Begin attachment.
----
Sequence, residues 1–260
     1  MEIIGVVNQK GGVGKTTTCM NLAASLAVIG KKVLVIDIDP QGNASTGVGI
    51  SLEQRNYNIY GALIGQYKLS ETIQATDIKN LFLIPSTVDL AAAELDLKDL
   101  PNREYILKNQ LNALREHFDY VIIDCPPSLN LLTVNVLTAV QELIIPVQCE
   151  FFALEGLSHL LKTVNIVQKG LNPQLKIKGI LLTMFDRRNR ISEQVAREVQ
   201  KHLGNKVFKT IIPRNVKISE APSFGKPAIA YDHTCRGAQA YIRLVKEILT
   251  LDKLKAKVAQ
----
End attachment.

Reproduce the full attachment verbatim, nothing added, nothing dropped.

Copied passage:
Sequence, residues 1–260
     1  MEIIGVVNQK GGVGKTTTCM NLAASLAVIG KKVLVIDIDP QGNASTGVGI
    51  SLEQRNYNIY GALIGQYKLS ETIQATDIKN LFLIPSTVDL AAAELDLKDL
   101  PNREYILKNQ LNALREHFDY VIIDCPPSLN LLTVNVLTAV QELIIPVQCE
   151  FFALEGLSHL LKTVNIVQKG LNPQLKIKGI LLTMFDRRNR ISEQVAREVQ
   201  KHLGNKVFKT IIPRNVKISE APSFGKPAIA YDHTCRGAQA YIRLVKEILT
   251  LDKLKAKVAQ